Becoming a trucker is a good career choice now, given the national shortage and growth potential of the industry.
CHEYENNE -- Cody Sturgis climbed in behind the wheel of the white Freightliner parked at the trucking school's training lot.
He started the rig, shifted gears and drove ahead at about 3 mph.
"It's kind of scary at first," said Sturgis, recalling his initial attempt.
He backed up and pulled forward. "It was a great achievement," he said.
Sturgis, 25, just started classes at Sage Truck Driving Schools on Fox Farm Road in Cheyenne.
He will attend for five weeks to earn his commercial driver's license. He needs the license to drive tractor-trailers.
Sturgis of Cheyenne picked a good time to start his career as a truck driver, given the national shortage of qualified and experienced truck drivers.
Brenda Birkle, director of the Sage school here, said she gets calls every day from companies that need drivers. Inquiries range from mom-and-pop operations to big, over-the-road corporations.
"It's a good time for them to go into this industry," said Noel Perry, managing director at FTR Associates in Nashville, Ind. "People are hiring and are willing to help with training, and some are paying bonuses."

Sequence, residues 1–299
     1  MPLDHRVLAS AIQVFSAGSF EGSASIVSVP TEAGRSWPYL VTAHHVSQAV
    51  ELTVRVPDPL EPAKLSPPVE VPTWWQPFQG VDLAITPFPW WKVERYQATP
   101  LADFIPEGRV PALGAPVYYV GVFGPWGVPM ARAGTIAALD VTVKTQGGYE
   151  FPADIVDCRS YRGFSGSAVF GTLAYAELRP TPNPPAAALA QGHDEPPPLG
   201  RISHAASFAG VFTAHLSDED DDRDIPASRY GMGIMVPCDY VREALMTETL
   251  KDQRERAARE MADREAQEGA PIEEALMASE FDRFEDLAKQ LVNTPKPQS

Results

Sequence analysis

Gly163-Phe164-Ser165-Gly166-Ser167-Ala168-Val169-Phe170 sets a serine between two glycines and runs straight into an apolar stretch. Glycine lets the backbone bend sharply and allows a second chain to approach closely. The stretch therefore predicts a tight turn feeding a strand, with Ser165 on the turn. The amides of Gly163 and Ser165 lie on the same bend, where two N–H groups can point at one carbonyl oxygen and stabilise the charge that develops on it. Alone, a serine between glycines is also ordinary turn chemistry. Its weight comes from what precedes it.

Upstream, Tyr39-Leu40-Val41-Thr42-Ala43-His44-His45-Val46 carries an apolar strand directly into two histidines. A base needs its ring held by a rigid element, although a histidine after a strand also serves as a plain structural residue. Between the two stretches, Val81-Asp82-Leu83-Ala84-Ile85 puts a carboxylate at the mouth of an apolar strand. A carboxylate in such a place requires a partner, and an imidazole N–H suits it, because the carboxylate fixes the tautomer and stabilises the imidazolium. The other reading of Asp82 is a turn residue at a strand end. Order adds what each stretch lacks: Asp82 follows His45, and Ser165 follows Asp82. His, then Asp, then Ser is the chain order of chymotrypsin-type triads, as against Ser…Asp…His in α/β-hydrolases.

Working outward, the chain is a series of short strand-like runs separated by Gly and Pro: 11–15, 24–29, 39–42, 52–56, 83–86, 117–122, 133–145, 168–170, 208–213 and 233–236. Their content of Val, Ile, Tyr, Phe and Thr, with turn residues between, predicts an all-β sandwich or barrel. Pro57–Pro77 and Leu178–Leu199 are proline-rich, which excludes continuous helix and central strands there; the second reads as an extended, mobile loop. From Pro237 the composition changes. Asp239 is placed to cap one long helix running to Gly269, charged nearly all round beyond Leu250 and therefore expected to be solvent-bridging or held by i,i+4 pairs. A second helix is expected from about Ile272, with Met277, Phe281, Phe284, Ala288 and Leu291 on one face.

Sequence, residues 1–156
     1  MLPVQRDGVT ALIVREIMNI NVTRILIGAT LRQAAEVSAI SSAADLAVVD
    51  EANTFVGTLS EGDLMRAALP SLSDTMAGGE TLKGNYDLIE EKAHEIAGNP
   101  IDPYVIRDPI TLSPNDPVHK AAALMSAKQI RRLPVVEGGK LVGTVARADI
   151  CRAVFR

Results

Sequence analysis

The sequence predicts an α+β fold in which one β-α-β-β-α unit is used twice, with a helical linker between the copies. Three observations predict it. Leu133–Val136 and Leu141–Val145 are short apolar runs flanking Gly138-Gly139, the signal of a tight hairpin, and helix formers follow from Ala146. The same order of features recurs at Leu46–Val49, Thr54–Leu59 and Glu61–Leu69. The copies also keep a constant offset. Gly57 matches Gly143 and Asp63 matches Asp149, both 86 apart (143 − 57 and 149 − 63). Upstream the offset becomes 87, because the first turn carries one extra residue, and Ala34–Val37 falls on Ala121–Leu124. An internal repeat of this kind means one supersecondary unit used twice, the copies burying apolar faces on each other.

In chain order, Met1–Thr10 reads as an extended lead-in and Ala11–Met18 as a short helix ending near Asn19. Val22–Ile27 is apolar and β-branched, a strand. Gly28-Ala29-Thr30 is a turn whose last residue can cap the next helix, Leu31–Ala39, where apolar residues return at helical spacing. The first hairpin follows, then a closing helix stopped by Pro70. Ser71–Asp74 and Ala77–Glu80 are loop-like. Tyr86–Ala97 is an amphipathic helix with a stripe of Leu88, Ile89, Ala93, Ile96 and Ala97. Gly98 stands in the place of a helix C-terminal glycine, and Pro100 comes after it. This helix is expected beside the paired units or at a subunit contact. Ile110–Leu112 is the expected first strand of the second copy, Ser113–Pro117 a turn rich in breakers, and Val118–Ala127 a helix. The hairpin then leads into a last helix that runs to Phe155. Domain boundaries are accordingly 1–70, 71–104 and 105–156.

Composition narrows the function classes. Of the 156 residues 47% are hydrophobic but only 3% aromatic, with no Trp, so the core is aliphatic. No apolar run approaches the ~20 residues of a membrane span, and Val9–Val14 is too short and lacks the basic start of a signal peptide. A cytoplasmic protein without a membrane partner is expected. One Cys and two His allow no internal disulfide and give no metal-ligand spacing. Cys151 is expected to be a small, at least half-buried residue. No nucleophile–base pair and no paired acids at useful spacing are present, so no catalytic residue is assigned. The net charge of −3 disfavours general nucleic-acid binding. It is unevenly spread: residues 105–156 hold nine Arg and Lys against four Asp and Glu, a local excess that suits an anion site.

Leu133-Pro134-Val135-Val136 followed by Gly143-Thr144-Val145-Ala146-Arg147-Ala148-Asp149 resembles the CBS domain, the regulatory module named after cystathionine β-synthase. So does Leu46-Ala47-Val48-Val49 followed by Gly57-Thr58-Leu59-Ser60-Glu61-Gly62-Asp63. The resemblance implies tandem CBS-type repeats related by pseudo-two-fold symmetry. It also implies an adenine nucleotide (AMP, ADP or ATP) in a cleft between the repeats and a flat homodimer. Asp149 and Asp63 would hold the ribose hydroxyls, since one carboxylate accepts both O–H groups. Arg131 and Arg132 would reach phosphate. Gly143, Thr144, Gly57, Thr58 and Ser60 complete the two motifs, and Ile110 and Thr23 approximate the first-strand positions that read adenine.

Officials at some trucking companies cannot get the number of drivers they need, he said.
He described the shortage as moderate, estimating that there are about 150,000 too few drivers. He expects the shortage to increase to about 300,000 drivers if a federal regulation moves ahead to limit the hours truckers can drive.
The shortage of experienced and qualified truck drivers has happened because of baby boomers leaving the workforce, federal efforts to crack down on drivers with poor driving records and an economic upturn.
"The government is regulating us more and more, which is going to require more and more drivers to do the same work," said Bob Synowicki, executive vice president of Werner Enterprises Inc. based in Omaha, Neb., one of the largest trucking companies in the world.
Making sure drivers are safe is a great thing, he said, but it creates more need for quality drivers.
The number of truck drivers plummeted in the 2008 recession, along with the number of loads that trucks hauled.
Things are picking up now, inching closer to the tonnage hauled before the recession.
There are an estimated 3.1 million truck drivers now nationwide, compared with a high of 3.5 million drivers in 2006, said Bob Costello, chief economist with the American Trucking Associations.
Transportation is one of the highest growth industries, Birkle said.
But the number of drivers is increasing at less than 1 percent, while the amount of freight grows at an average of 4 percent a year, she said,
"This is a great time for someone to get into a career as a truck driver," Synowicki said.
A first-year driver at Werner Enterprises earns an average of $35,000 to $45,000 a year, he said. The company has 7,300 trucks and 12,500 employees, 10,000 of whom are truck drivers... Continue reading.